In the last few years, the incidence of fatal traffic accidents involving texting-while-driving, cell phone use, and other distractions has risen by 28%. A California injury attorney offers safety tips for avoiding this deadly practice.
Recently, in an effort to combat distracted driving, the AAA Foundation for Traffic Safety challenged people to drive distraction free for one week—“Heads Up Driving Week”—with the hope that they would practice the good driving habit for life, explains a California injury attorney.
Over the past three years, there has been a 28% increase in fatal traffic accidents involving texting-while-driving, cell phone use, and other distractions. While not every auto accident results in a fatality, a recent study suggests that up to 8,000 crashes and 500,000 occupant injuries occur each day that are directly linked to distracted driving. Statistically, you are six times more likely to suffer an accident texting-while-driving than if you were intoxicated.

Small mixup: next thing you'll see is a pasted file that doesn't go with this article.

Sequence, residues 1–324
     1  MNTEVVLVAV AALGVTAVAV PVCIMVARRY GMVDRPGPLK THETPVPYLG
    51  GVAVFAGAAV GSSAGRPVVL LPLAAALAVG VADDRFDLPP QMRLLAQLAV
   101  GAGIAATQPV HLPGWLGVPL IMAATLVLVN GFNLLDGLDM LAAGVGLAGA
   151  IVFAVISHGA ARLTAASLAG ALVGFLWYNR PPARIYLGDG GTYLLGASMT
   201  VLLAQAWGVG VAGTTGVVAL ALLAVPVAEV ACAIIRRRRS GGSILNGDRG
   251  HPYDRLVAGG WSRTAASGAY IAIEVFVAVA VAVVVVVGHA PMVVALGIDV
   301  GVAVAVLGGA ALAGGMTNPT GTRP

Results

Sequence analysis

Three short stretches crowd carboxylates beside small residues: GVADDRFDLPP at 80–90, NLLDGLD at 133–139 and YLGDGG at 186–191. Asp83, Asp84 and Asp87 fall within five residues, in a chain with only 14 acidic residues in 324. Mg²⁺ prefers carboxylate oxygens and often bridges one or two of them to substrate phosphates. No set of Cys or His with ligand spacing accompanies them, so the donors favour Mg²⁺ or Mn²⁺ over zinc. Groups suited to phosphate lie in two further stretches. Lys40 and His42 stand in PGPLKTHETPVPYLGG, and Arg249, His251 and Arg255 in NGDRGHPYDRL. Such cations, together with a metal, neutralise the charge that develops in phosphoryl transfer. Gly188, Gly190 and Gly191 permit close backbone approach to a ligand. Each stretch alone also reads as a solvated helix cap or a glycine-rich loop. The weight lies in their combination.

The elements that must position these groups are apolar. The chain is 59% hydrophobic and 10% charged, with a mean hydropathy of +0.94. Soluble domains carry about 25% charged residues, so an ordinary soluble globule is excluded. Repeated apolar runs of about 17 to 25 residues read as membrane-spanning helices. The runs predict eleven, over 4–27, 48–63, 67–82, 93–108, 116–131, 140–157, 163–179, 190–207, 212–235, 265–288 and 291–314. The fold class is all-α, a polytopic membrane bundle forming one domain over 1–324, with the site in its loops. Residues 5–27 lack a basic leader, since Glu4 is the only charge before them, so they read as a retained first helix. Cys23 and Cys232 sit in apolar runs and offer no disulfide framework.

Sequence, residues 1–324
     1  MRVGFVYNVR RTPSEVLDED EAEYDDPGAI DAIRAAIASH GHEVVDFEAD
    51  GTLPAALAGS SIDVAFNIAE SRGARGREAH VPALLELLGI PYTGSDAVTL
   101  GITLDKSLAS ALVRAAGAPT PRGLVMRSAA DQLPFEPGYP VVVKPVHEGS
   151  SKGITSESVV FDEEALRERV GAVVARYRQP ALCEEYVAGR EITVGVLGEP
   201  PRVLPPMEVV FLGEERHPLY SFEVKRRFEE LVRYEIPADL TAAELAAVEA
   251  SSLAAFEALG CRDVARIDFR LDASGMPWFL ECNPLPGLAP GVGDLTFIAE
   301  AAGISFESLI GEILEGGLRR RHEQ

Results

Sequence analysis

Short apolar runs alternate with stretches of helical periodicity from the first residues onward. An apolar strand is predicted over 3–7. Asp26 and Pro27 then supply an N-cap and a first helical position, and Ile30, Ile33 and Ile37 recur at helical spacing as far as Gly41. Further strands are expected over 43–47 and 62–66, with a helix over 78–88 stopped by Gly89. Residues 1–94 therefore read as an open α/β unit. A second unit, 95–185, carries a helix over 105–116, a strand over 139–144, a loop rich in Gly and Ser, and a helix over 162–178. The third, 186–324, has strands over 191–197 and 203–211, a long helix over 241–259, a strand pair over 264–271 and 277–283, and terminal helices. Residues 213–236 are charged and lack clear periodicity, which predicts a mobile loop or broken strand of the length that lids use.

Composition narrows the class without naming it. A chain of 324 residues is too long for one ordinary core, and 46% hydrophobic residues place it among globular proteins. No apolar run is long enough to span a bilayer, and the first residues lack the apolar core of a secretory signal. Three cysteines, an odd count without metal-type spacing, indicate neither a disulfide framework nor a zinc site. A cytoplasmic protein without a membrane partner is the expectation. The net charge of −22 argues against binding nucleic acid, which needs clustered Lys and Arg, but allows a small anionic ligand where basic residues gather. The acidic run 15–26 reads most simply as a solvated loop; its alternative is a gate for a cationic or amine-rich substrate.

Whether you are texting to a friend or updating your Twitter account, neither is important enough to risk your life. If you must communicate with someone while driving, pull off to the side of the road and call that person.
Being a “heads up driver” means thinking ahead and staying focused on your driving. Here are a few other AAA tips to avoid being distracted:
- Put away all of your electronic gear so you won’t be tempted to use it.
- Don’t eat or drink while driving. If you are on a long road trip, stop every couple of hours to stretch and eat a snack.
- Check road maps and traffic conditions before you start to drive. Have a general plan for your trip and pull to the side of the road if you need to concentrate on the directions.
- While travelling with a child, make sure everyone is buckled in and has a toy or some form of entertainment to keep them occupied.
- Don’t apply make-up, shave, or any other primping that may distract you from the road.
- Perform a quick visual on the floor of your car. Pick-up anything that might roll under your seat and become lodged under the brake or accelerator.
We must balance our need to communicate with the ability to focus on the road. Let’s all take the “Heads up” challenge and avoid distracted driving all year round.
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